A Place in Time spotlights a significant cultural resource - a district, site, building, structure or object - entered in the National Register of Historic Places.
Roslyn Place is one of the few surviving wooden-paved streets in the country and the only one made entirely in the Nicholson pavement method. Pennsylvania State Historic Preservation Office, PHMC

Roslyn Place is one of the few surviving wooden-paved streets in the country and the only one made entirely in the Nicholson pavement method.
Pennsylvania State Historic Preservation Office, PHMC

It’s not often that architectural historians look down — we usually leave that to the archaeologists — but on Roslyn Place, one of Pennsylvania’s newest National Register–listed historic districts, we turned our heads to the ground to consider something that is rare in America: a wood-paved street. Roughly 26,000 oak blocks make up the 250-foot-long cul-de-sac surrounded by 18 houses in Pittsburgh’s Shadyside neighborhood.

Roslyn Place is the only surviving uncovered wood-paved street in Pittsburgh. Although a handful of partially wood-paved streets exist nationally, Roslyn Place remains the only street in the country paved entirely in accordance with the technique known as Nicholson pavement, a method patented in 1859 by Samuel Nicolson (1791–1868). The benefit of using wood for streets when compared to other paving options at the time, like cobblestones or Belgian blocks, is that it provided a flat and more forgiving surface, which was quieter and more comfortable for horses and pedestrians alike. To preserve the wood and prevent the road surface from rotting, the 4-by-8-inch oak blocks were injected with creosote.

This small, somewhat hidden enclave was designed and developed by Thomas Rodd (1849–1929), who was the Pennsylvania Railroad chief engineer for all lines west of Pittsburgh. In 1889 Rodd and his wife Mary moved their family from Philadelphia to Pittsburgh and purchased two large adjacent lots in Shadyside that abutted the Pennsylvania Railroad tracks. After more than a decade of owning this land, Rodd submitted to the Pittsburgh City Council his plan to subdivide the larger lot into 18 smaller parcels encircling a central road.

In 1915, after the city council approved the plan, Rodd proceeded to build the neighborhood of his design. Eighteen Colonial Revival–style houses were clustered together; some were detached, others were paired as twins, and four were joined together sitting at the end of the cul-de-sac. What gives Roslyn Place its true character is the consistency of the design, scale and uniformity of the buildings to create a sense of place within the district. The Colonial Revival style, with elements of the Georgian period, can be seen in the symmetry of the brick facades and interior chimneys, the eight-over-eight wooden double-hung sash windows, the dormer windows on the hipped slate roofs, the bracketed and coffered semicircular hoods over the front doors, fluted door surrounds, and pedimented porches.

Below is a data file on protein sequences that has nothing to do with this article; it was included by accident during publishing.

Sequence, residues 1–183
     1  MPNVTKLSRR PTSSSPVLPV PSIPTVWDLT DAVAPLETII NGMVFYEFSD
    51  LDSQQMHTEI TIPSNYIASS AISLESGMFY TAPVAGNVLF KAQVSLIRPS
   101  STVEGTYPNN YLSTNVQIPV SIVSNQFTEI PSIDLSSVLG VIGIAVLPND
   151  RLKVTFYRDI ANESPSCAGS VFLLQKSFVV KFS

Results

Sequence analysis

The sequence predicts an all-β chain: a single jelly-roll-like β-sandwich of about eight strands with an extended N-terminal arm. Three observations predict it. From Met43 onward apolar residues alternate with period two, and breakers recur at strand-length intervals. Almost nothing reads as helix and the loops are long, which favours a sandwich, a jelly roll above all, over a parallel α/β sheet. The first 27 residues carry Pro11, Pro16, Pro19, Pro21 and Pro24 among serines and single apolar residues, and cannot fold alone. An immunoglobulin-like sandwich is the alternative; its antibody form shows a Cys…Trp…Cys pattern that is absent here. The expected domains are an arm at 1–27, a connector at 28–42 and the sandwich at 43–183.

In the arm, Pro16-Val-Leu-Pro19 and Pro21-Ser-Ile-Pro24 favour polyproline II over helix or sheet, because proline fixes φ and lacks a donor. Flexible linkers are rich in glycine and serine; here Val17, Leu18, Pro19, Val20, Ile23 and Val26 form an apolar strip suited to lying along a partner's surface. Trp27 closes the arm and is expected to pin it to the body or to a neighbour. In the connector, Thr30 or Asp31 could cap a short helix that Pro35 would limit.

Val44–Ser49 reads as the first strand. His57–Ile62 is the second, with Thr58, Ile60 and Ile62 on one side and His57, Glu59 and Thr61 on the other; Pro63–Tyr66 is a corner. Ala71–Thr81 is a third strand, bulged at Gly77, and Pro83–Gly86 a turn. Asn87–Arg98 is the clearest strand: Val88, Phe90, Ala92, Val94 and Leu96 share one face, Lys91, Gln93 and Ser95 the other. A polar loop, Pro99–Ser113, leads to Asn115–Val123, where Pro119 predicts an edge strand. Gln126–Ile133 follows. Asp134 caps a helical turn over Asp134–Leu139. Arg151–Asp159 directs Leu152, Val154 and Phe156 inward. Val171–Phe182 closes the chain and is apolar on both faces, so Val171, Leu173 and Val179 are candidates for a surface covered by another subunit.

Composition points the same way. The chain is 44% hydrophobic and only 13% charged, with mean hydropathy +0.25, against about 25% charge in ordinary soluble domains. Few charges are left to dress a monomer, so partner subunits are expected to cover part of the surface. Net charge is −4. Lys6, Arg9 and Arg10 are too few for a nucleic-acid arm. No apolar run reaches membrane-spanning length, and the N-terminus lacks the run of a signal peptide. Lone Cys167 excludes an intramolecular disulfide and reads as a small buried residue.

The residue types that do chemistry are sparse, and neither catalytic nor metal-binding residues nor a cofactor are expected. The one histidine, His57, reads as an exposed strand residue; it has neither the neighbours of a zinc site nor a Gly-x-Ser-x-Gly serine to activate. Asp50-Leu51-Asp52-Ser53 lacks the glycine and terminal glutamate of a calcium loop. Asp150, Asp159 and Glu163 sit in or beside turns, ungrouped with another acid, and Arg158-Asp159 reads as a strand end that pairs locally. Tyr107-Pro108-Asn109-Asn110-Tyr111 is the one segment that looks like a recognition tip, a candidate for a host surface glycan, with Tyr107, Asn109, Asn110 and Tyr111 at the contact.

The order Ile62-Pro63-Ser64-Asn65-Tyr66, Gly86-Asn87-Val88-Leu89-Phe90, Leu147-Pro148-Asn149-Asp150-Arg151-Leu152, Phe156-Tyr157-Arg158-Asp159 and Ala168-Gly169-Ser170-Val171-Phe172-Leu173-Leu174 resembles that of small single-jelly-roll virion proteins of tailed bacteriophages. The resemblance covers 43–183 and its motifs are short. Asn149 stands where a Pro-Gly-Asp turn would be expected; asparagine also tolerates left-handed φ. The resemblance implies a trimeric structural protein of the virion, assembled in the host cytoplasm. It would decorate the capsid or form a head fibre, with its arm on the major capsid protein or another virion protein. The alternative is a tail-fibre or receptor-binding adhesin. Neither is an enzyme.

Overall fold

The Pennsylvania State Historic Preservation Office held the public meeting for the National Register nomination for Roslyn Place in the middle of the wooden street. Pennsylvania State Historic Preservation Office, PHMC

The Pennsylvania State Historic Preservation Office held the public meeting for the National Register nomination for Roslyn Place in the middle of the wooden street.
Pennsylvania State Historic Preservation Office, PHMC

Even though Rodd had the land subdivided so that each house sat on a separate parcel, he retained ownership over 17 of the 18 houses, and they were rented into the 1950s. With the Rodd family retaining ownership of the entire neighborhood for more than 35 years, Thomas Rodd’s singular vision for this enclave was preserved, both in its edifices and its wood-paved street. The variety of sizes of the houses on Roslyn Place has in recent years attracted a diverse mixture of occupants who are proud of the community in which they live and continue to advocate on behalf of their historic street. In the 1980s, when the street was in need of extensive repairs and the City of Pittsburgh wanted to pave over it with asphalt, it was the residents who pushed for the restoration of the wooden paving, thus keeping the street’s unique place in Pittsburgh’s history secure. In 2019 the nomination of the Roslyn Place Historic District to the National Register of Historic Places was supported by 100 percent of the residents. And, in a first for the Pennsylvania State Historic Preservation Office, the public meeting for the nomination was held in the middle of the street.

 

Recent listings in the National Register of Historic Places include Lawrenceville Historic District, Pittsburgh, Allegheny County, and Andrew S. and Elizabeth Miller House, Bellevue, Allegheny County.

 

Jenna Solomon is a historic preservation specialist who reviews National Register nominations in PHMC’s State Historic Preservation Office.